A walking program combined with dietary changes may boost fat loss, according to research findings from the University of Applied Sciences in Muenster, Germany, and the University of Bonn in Bonn, Germany. Scientists conducted the intervention study to explore how a calorie-restricted diet combined with walking, versus the diet alone, would affect weight, body composition, resting energy expenditure, and other bio-markers.
Investigators noted that people who are overweight generally find moderate-intensity physical activity easier than high intensity workouts, but research has been lacking regarding the effectiveness of moderate exercise in maintaining resting energy expenditure and reducing health risks. The researchers recruited 82 otherwise healthy men and women (aged 25 to 50) with overweight and obesity to participate in a 12-week program of either diet and walking combined or diet alone. Walking group subjects walked briskly for 3 hours per week, including one hour of supervised walking with a fitness trainer. Diet-only members maintain their usual activity habits. All participants followed in an energy-restricted diet designed to elicit a deficit of 500 to 800 calories, based on the individual measures of resting energy expenditure at baseline.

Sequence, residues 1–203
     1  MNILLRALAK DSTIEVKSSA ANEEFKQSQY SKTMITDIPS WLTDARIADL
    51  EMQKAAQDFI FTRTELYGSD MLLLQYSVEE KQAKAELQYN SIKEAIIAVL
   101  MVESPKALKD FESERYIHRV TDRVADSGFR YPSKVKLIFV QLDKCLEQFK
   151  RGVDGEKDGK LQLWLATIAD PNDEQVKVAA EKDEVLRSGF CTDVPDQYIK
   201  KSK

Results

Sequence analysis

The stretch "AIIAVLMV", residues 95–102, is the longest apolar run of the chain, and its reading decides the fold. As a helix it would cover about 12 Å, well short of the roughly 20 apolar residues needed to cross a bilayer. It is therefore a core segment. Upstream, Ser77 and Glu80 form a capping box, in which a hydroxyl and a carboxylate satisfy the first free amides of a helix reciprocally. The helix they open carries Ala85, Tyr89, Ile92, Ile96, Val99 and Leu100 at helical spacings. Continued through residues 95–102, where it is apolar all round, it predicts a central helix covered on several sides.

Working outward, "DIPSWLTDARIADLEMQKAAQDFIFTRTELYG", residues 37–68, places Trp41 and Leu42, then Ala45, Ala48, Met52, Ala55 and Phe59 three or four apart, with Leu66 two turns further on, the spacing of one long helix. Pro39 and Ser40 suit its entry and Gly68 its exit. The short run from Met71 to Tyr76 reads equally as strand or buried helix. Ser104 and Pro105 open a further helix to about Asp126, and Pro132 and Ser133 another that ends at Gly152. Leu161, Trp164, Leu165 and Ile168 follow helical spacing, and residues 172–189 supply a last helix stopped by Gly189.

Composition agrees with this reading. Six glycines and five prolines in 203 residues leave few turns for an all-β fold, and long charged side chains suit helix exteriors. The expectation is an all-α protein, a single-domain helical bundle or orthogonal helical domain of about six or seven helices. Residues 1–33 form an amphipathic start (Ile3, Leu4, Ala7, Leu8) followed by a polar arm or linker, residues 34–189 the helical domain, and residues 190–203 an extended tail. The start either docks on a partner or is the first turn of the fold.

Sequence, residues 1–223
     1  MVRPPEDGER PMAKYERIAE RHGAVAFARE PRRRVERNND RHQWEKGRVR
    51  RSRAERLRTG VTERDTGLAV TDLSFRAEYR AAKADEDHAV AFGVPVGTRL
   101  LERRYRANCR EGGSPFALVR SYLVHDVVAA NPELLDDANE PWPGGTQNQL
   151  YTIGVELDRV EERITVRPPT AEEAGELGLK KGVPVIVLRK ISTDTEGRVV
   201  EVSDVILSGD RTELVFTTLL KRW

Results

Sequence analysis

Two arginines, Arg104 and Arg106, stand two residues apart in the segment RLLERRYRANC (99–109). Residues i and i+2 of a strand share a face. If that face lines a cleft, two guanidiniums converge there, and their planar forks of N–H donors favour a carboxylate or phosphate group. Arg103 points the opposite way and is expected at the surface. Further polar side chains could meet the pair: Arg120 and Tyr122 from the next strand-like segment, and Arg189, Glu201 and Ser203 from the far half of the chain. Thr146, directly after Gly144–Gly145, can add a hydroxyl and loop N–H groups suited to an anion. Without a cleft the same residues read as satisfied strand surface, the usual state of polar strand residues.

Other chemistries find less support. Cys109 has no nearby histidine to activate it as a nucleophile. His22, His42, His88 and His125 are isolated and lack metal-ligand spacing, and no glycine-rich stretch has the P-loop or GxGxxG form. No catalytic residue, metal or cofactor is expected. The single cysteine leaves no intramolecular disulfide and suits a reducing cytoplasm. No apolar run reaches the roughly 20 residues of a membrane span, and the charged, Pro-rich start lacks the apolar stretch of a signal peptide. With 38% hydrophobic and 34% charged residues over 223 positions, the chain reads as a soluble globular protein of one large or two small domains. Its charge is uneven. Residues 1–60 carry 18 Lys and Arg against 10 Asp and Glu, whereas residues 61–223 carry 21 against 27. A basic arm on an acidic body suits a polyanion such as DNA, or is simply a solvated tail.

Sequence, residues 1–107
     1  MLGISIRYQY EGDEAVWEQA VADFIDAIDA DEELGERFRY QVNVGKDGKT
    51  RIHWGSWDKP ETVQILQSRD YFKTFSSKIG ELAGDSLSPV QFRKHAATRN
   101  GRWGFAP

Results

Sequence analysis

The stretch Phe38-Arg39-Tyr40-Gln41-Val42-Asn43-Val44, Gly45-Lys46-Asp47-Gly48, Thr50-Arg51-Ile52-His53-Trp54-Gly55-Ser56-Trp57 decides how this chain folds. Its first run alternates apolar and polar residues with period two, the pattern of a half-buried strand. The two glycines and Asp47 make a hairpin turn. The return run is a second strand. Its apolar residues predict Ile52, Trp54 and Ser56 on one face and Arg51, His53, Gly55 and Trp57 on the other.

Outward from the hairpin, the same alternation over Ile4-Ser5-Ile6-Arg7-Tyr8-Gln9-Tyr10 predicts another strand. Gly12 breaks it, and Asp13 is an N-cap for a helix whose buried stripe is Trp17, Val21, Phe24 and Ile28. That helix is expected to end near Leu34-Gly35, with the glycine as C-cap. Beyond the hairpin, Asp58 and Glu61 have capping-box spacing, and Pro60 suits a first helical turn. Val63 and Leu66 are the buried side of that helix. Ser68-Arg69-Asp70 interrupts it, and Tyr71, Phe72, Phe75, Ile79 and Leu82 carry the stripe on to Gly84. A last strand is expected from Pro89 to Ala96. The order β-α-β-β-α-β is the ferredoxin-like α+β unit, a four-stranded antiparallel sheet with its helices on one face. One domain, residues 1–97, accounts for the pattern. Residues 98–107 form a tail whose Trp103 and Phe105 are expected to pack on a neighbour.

Data analysis at study end showed that all subjects lost body weight and fat mass, reduced waist circumference and experienced improvements in bio-markers related to cardio metabolic risk factors. There was no variance in either resting energy expenditure or weight loss between the groups. The only significant difference between walking-group subjects and diet-only participants was more fat loss- an average of 6.4 kg (plus or minus 3.1 kg) for the walkers, compared with 4.8 kg (plus or minus 3 kg) for the other group. Larger studies conducted over longer periods of time are needed to further clarify walking’s benefits in relation to dieting and maintaining a healthy weight.
source: Journal of Nutrition: https://doi.org/10.3945/jn.117.251744